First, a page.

Flight 77 off course

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The 9/11 Commission told us that Flight 77 made its last routine radio transmission at 8:51, and the hijacking most likely took place between 8:51 and 8:54. Clear enough. Others have claimed the flight went seriously off course five minutes earlier, though, at 8:46. This has been used both to question the Commission's timeline, and to suggest that this should have lead to an earlier response by air traffic controllers.

Here's David Ray Griffin on the issue, in his book Debunking 9/11 Debunking:


Where are these reports? Dr Griffin tells us more in a footnote:


No URLs are provided for these articles, which makes sourcing them rather more difficult.

However, we found a detailed piece in the Guardian for that date (see here). It contained nothing about going off course. We couldn't locate the New York Times story. We found a Boston Globe story for this date (see here), but again there's nothing on going off course. It did contain a useful line, though: "About 8:50, however, Burlingame and Charlebois stopped responding to radio calls, just after controllers in Indianapolis had given them instructions to fly toward a radio beacon in Falmouth, Ky." Perhaps controllers had asked them to change course for some local reason.

We do have the USA Today illustration, however, and that is indeed available at the URL provided by Dr Griffin.

4flights.jpg

Flight 77's track is the one at the bottom of the map, and as we can see there is a brief but dramatic change in course, as though the plane were avoiding something. But a problem is immediately apparent. The plane took off at 8:20, and disappeared from radar at around 8:56, an elapsed time of about 36 minutes. But the change in course begins before the plane has travelled even half that distance. It seems most unlikely that this manoeuvre started at 8:46: that would leave only 10 minutes for the rest of the visible flight path.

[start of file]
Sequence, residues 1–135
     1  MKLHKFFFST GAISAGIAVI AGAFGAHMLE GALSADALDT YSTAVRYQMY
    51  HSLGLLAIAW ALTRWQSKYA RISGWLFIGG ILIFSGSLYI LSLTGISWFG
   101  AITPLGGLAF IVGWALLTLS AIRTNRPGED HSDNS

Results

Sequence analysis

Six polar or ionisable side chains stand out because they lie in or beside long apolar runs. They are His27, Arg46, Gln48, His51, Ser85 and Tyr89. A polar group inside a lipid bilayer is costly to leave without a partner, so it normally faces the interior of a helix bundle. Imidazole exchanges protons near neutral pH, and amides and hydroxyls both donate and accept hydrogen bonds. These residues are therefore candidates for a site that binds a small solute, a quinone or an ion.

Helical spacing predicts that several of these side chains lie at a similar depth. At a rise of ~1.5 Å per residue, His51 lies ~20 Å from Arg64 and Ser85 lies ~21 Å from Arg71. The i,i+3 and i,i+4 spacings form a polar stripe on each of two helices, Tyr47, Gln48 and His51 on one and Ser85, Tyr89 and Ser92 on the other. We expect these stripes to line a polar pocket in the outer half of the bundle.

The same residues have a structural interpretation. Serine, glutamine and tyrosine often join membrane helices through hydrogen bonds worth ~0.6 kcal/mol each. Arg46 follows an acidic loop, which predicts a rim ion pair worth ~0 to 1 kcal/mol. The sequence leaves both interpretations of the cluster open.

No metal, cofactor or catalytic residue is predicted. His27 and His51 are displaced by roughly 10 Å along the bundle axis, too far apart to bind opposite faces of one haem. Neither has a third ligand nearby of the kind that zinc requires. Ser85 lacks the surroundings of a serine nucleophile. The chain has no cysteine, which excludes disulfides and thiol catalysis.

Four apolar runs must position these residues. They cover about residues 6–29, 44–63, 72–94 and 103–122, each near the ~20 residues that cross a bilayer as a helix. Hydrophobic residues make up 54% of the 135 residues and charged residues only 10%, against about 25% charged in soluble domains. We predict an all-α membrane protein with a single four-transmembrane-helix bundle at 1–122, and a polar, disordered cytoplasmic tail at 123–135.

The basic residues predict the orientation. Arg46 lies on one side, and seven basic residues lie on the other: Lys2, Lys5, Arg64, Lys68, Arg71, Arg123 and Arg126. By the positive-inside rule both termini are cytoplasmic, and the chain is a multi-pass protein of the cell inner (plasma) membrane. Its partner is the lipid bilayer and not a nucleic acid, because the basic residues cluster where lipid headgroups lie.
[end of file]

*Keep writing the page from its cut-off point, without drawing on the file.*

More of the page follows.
And there's another major difficulty. If you read the rest of the page that Dr Griffin references, you find the author points out that other graphics don't show this diversion:


They have the images to prove it, too. Here's one from Time:

T 091101.jpg

And another from Newsweek:

Nw092401.jpg

So where did USA Today get this information from? The diagram credits Flight Explorer, a company that provides real-time positional information on aircraft in the US, based on FAA radar information. Flight Explorer provided the following details for the Flight 77 flight path, within days of the attacks:

Feaa77static.gif

Now we can see there is a change of course around the middle of the visible flight path, though much less dramatic.

The USA Today graphic claims to be based on Flight Explorer data, then, but it doesn't accurately reproduce it. We've not seen any other images show the same dramatic diversion. The most likely explanation is that the USA Today diagram is mistaken; the artist has taken a quick look at the Flight Explorer image, then drawn something roughly similar over their own map.

The actual flight path would be confirmed later by NTSB-released data, here mapped onto Google Earth:

Google Earth.jpg

Of course we could still raise the question of why the plane turned right, twice. The real change in direction might not be as significant as USA Today claimed, but perhaps it still means something?

Well, no. We can clear that up, too, thanks to the transcript of air-to-ground communications with the plane, as released by the NTSB:


The USA Today graphic showed a greatly exaggerated turn, then, a manoeuvre that Flight 77 never took. The actual changes in course, at 9:34 and 9:47, were made because Flight 77 was asked to do so by air traffic control. The plane made no unauthorised turns prior to the hijacking, and Dr Griffin's claim that air traffic controllers should have become suspicious at this point is simply incorrect.